|Posted:||January 9, 2017 03:04 PM|
|From:||Representative Thomas P. Murt|
|To:||All House members|
|Subject:||A Better Standard for Outpatient Commitment for Persons with Serious Mental Illness (Prior HB 2423)|
|Most of you know or have been contacted by distraught constituents seeking help for someone with a serious mental illness who is too sick to seek treatment voluntarily. Under existing law we must wait until individuals become dangerous to themselves or others before we can help.
Our “clear and present danger” standard is among the most restrictive in the country, and unreasonably applies the same standard to both inpatient and outpatient commitments. Keeping this standard means losing the ability to use a less restrictive outpatient treatment setting, and the chance to intervene sooner. Someone who is clearly and presently dangerous belongs in the hospital, not in outpatient treatment. A different standard for court ordered outpatient treatment has been established by 46 states, allowing timely intervention before someone becomes dangerous and tragedy strikes. I will soon be reintroducing a bill to address these barriers to treatment in Pennsylvania.
The status quo is not working for the seriously mentally ill or their families. All too often, the consequence of this broken system is hospitalization, incarceration, homelessness, substance abuse, violence, or suicide. We have a mental health “Catch 22”… on the one hand a law that prohibits intervening with seriously mentally ill individuals early enough to help prevent them from becoming a danger; and on the other hand, when they are a danger we lack sufficient access to inpatient treatment services, and they often wind up in jail with little or no treatment at all.
By requiring sick people to become dangerous before we can support them, we also are criminalizing mental illness. In Pennsylvania, a person with a serious mental illness is twice as likely to end up in jail as to receive treatment. Approximately 5000 seriously mentally ill people are arrested each month in the Commonwealth, and at least 20 percent of our prison population suffers from mental illness.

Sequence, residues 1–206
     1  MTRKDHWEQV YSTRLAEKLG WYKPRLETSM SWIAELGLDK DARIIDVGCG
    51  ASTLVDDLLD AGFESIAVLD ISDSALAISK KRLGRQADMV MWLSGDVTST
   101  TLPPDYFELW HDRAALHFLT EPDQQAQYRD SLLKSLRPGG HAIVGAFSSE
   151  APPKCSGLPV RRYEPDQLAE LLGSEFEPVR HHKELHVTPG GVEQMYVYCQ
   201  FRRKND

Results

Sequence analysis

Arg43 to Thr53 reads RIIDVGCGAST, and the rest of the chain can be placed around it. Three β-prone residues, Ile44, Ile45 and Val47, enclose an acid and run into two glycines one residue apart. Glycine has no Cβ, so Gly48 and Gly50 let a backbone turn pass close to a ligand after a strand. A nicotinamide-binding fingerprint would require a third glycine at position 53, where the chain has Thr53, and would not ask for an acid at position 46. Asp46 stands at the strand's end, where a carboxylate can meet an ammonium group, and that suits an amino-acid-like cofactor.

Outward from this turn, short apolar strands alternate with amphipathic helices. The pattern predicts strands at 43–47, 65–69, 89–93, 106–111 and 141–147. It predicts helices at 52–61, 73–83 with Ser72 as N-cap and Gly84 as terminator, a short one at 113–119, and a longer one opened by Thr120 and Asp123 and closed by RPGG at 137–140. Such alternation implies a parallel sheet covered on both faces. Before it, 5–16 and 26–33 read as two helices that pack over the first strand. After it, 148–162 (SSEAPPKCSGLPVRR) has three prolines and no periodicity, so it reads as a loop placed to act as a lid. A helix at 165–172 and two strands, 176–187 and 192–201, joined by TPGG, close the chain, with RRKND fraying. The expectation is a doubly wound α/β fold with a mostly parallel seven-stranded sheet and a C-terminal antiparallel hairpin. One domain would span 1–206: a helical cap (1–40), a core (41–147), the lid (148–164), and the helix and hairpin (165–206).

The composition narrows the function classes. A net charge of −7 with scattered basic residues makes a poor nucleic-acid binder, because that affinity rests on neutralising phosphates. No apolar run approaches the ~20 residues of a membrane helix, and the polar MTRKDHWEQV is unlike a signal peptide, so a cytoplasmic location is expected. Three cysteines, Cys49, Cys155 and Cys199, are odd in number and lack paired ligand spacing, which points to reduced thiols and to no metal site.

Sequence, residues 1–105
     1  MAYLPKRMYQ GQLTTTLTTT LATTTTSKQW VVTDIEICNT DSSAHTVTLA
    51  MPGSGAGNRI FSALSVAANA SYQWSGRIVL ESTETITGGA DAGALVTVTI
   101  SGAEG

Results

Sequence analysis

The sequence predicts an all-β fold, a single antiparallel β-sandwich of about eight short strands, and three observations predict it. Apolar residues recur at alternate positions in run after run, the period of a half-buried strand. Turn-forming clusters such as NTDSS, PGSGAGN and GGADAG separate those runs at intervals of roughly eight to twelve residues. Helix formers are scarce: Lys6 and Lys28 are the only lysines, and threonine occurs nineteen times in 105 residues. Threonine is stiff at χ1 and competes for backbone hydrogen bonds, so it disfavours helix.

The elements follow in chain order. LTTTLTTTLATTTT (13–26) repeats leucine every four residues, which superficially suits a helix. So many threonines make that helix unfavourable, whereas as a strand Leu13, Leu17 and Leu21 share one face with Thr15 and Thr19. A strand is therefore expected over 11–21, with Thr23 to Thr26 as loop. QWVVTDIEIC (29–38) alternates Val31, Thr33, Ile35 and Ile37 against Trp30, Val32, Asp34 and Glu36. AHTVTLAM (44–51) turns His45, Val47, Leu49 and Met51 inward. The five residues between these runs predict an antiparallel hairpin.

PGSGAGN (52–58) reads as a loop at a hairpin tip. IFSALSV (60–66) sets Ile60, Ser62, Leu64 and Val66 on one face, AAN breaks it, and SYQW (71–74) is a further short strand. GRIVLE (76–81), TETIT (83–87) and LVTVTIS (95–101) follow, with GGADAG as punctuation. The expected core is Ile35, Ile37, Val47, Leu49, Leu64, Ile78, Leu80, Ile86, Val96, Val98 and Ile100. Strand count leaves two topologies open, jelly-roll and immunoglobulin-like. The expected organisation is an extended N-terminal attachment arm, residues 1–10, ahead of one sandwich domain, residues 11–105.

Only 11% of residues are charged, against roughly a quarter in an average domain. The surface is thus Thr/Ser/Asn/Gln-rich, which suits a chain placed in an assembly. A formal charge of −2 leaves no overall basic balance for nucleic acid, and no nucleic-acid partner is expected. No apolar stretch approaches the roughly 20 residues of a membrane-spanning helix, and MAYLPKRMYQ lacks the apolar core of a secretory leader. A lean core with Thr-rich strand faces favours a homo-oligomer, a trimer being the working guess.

My legislation would establish a new standard for court ordered assisted outpatient treatment in the community, while leaving in place the clear and present danger standard for involuntary hospitalization. The new standard would be based on a medical determination of whether a seriously mentally ill individual needs and can benefit from assisted outpatient treatment to survive safely in the community. The standard would also take into consideration an individual’s history of involuntary inpatient commitments and acts of violence to self or others. Assisted outpatient treatment can help individuals avoid inpatient commitment as well as provide critical step-down services in the community for those who are being discharged from inpatient facilities.
My bill would keep in place all the existing due process protections under current law. Plus from a civil liberties standpoint, there will be an increased ability for those with severe mental illness to remain in the community for treatment and avoid involuntary hospitalization, or even worse, incarceration. Pennsylvania can join the 46 other states whose laws make outpatient treatment a real possibility, while simultaneously reducing both human suffering and the costs to the Commonwealth in emergency healthcare, corrections, law enforcement, homelessness, and other demands on public systems.
Previous Cosponsors: DAVIS, GROVE, HARHAI, KINSEY, MAHONEY, ROZZI, SAYLOR, WHEELAND and YOUNGBLOOD
Introduced as HB1233